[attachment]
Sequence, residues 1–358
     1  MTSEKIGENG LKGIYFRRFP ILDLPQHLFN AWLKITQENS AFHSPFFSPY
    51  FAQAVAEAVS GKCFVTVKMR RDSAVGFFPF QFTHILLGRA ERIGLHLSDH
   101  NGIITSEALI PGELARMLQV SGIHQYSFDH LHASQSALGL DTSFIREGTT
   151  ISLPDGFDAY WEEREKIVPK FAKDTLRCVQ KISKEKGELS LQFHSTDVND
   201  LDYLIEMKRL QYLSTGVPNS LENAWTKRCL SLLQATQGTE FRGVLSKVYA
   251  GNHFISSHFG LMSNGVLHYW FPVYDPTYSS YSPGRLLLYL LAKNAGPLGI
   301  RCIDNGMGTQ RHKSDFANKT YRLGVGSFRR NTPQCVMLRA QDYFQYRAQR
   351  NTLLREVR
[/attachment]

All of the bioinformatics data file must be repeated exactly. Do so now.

Sequence, residues 1–358
     1  MTSEKIGENG LKGIYFRRFP ILDLPQHLFN AWLKITQENS AFHSPFFSPY
    51  FAQAVAEAVS GKCFVTVKMR RDSAVGFFPF QFTHILLGRA ERIGLHLSDH
   101  NGIITSEALI PGELARMLQV SGIHQYSFDH LHASQSALGL DTSFIREGTT
   151  ISLPDGFDAY WEEREKIVPK FAKDTLRCVQ KISKEKGELS LQFHSTDVND
   201  LDYLIEMKRL QYLSTGVPNS LENAWTKRCL SLLQATQGTE FRGVLSKVYA
   251  GNHFISSHFG LMSNGVLHYW FPVYDPTYSS YSPGRLLLYL LAKNAGPLGI
   301  RCIDNGMGTQ RHKSDFANKT YRLGVGSFRR NTPQCVMLRA QDYFQYRAQR
   351  NTLLREVR